One of the things I hear discussed most regarding tiny house design is whether or not to have a loft. This is a HUGE decision, and one that should reflect who you are and how you want to use your space.
One of the questions I get most often is do I mind climbing up and down in the middle of the night to go to the bathroom. I can honesty say, not really. Because I have the storage steps as shown below, I can still make it up and down to my loft half asleep. Although I was cautious when I first moved into my house, I quickly learned how to navigate the stairs.
The obvious advantage to lofts is that they represent an excellent use of space. Meaning your sleeping space doesn’t take away from your overall living space. However, there are some great designs that have main level “bedrooms,” that use space creatively so you don’t have to worry about lofts if you don’t want one.
Overall I love my loft. It is one of my favorite spaces in my house because it is so cozy and comfy. I have a queen pillow top mattress in my loft and have plenty of head room to be able to sit up in bed and read, so from that stand point it is incredibly functional and relaxing.
And although I would do a loft again without question, there are three challenges I want to share with you regarding my loft.
1. Temperature control
I currently live in Georgia where the summer temperatures stay in the high 90’s for weeks at a stretch. Even at night it doesn’t drop below the 80’s. It is also quite humid in the summer, which makes it “sticky” in the house at times.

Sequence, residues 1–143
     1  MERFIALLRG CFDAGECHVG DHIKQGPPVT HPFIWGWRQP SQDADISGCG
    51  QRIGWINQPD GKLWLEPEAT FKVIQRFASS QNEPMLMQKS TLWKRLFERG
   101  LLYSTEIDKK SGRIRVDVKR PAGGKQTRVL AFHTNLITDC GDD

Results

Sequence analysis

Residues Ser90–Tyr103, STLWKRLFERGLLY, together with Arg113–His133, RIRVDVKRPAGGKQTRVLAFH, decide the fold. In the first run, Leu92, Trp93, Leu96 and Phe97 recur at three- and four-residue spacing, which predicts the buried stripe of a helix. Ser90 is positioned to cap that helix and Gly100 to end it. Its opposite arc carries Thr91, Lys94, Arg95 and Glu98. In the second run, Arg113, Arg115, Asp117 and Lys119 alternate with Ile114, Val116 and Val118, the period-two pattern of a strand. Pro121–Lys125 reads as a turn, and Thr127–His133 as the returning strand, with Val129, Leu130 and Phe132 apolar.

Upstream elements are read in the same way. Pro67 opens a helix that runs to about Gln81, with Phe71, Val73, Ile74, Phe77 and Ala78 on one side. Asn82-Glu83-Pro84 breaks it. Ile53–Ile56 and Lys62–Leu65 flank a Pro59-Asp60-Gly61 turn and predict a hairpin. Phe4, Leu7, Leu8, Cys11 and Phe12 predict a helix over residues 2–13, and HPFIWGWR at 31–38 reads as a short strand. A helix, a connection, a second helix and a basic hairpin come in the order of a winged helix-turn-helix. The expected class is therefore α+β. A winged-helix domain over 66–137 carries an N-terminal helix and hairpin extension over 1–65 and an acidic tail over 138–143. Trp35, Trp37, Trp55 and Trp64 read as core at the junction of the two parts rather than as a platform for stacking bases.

My air conditioner works well for the living room space, but since heat rises, my loft is often quite a bit warmer than the rest of my house. Sometimes as much as 10 degrees warmer than the downstairs space.
I use a small high-powered directional fan to help with the air flow. Up until a month ago, I had placed this fan on my counter to blow the cooler air into my loft.However, I recently changed my approach. I now put the fan in my loft to blow the hot air out. This seems to be working even better.
The only downside to the fan is that it is relatively noisy, which can be annoying. Now that the fan is in my loft this is less of a problem, but still something you will need to consider before you purchase one. This one is a LASKO brand that I think I purchased from Target.
2. Making the Bed
Okay, this is not one of those things I had really given much thought to before I moved into my tiny house. Making a bed was just a weekly chore I added to my to-do list. But the second biggest challenge with my loft is making the bed!
It requires a certain amount of agility to get fitted sheets on and off. Since I don’t have tons of extra floor space, moving pillows and comforters out of the way while I swap sheets also takes a little bit of work.
This is certainly not a reason to not have a loft, but this chore is one of the few things that is harder in my tiny house than in my “normal” home. I must admit I change my sheets a little less often these days 🙂 Don’t judge!
3. Guest accommodations
I have mentioned this in a previous post, but one of my biggest regrets is not having a place for guests to sleep easily. I would love it if my mom could climb up in the loft with me, but that isn’t what either of us want!
As you are considering a loft make sure you have a place for people to stay. Even if you are an introvert like me who doesn’t normally like to entertain, you will wish you had a place for people to stay from time to time.
My plan to fix this challenge is currently in the works, and I will keep you posted on my progress!
Overall, I love my loft and despite the three challenges listed above, I would still build my next tiny house with one. Just make sure you are taking into account all of your physical limitations (or potential near-term limitations) when you build.